I get your point about not being able to predict that shutdown will always take less than 5 seconds. However, generating a heartbeat that persists until actual shutdown means that it can't run in userspace, and requires kernel changes. Seems risky to me.

It seems that management of the power button is handled by the PIC, not the Arduino. I wonder if a way of managing this is to take a reading of current level when power button is pressed, toggle the GPIO line to let the RPi know that shutdown is imminent, and then monitor current levels for a sudden drop in power consumption that says the RPi has actually shut down.

marckarasek wrote:There should be following this a message from the system saying it is going down. Actually is should show the same text again. Since you do not see two messages, the PI is NOT shutdown properly and this WILL result in SD corruption. Having just a timeout on one side w/o some kind of heartbeat/handshake from the other is a bad design and is only asking for trouble. For example suppose I have the full desktop, plus some background tasks running on the PI. It may take longer than 5 sec to shutdown.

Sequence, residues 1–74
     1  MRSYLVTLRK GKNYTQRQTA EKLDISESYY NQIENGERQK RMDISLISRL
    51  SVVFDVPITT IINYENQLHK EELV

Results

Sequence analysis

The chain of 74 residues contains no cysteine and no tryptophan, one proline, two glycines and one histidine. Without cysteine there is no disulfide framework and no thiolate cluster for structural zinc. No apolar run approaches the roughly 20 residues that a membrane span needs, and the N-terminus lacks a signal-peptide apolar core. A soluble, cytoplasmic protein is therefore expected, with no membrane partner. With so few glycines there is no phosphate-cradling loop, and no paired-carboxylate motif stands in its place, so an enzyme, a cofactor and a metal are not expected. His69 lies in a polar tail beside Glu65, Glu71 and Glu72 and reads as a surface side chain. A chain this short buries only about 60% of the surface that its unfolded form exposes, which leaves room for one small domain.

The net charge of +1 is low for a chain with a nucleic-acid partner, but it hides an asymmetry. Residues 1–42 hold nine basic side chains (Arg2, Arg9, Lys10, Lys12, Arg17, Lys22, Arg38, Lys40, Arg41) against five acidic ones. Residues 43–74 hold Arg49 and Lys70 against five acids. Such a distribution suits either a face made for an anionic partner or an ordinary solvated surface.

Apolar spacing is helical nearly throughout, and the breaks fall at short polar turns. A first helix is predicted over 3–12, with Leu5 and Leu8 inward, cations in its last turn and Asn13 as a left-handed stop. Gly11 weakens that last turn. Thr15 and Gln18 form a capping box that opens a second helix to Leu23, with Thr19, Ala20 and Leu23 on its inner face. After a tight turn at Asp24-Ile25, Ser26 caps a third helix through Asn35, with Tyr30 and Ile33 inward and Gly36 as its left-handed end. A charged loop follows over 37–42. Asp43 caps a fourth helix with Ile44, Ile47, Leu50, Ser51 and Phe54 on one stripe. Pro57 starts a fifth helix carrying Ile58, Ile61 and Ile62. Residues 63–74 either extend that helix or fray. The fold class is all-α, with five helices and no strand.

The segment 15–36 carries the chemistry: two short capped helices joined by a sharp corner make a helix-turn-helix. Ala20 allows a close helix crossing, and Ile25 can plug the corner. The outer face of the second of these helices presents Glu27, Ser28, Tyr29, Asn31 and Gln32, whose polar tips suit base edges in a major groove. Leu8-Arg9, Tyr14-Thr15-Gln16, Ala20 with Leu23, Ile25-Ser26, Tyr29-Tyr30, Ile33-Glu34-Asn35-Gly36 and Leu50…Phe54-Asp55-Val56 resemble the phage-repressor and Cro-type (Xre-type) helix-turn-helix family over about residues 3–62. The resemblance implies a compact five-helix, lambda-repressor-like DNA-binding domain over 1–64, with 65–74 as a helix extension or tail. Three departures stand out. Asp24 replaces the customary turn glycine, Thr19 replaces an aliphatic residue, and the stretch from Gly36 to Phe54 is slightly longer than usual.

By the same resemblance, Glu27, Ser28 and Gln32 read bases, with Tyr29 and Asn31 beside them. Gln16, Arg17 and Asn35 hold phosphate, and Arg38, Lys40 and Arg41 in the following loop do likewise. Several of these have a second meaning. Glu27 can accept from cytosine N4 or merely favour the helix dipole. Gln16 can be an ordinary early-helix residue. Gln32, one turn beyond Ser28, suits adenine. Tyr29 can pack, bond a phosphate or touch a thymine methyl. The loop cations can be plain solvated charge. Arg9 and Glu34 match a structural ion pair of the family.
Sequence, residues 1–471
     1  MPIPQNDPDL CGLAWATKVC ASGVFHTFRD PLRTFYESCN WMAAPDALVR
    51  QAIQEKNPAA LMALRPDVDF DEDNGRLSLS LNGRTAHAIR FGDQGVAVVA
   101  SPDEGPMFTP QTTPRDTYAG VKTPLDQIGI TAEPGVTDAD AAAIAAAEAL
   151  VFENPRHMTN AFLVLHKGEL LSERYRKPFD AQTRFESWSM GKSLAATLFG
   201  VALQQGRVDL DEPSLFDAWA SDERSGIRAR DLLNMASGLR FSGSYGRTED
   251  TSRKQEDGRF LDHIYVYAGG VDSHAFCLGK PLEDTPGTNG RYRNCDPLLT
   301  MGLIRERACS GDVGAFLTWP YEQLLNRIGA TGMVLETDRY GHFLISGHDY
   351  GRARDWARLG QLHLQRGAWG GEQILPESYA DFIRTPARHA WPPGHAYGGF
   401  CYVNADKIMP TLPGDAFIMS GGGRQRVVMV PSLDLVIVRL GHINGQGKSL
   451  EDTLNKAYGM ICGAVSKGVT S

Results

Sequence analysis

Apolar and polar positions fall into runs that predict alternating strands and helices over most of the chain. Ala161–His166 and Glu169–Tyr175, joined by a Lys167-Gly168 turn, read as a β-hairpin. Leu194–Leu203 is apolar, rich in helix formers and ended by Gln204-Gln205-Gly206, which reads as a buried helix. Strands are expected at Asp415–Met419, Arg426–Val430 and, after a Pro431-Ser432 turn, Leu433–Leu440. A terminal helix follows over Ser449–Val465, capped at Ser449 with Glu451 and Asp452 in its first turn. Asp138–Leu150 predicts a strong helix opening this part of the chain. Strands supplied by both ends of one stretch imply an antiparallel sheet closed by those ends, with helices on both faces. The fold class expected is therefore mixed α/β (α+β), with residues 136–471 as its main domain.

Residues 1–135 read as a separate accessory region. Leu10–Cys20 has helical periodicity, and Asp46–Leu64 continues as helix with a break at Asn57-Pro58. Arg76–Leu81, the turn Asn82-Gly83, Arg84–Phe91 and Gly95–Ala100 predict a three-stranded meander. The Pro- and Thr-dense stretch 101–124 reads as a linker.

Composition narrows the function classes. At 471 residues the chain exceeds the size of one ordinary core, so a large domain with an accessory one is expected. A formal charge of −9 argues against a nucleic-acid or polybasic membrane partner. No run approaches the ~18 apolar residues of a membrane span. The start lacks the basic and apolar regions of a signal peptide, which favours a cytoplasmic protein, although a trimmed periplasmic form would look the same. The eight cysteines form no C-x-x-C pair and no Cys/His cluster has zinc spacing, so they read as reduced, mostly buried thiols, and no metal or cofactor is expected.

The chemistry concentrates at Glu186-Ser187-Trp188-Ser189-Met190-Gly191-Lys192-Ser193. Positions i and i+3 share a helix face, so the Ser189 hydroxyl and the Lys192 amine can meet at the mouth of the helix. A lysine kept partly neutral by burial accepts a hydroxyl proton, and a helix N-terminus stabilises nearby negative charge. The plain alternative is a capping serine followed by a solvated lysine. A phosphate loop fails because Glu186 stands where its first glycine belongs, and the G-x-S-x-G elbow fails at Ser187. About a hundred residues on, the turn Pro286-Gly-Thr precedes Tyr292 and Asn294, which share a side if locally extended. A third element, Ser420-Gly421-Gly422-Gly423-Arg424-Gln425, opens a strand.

Kevin
Posts: 181
Joined: Tue Jul 28, 2015 12:56 am

Re: issues with PI SD Card .. Failing to boot... and a Heartbeat between PI and Arduino

Postby Kevin » Sun Feb 25, 2018 8:30 pm

gpvillamil wrote:Shutdown is occurring correctly.
It seems that management of the power button is handled by the PIC, not the Arduino. I wonder if a way of managing this is to take a reading of current level when power button is pressed, toggle the GPIO line to let the RPi know that shutdown is imminent, and then monitor current levels for a sudden drop in power consumption that says the RPi has actually shut down.


Good question and excellent follow-up idea.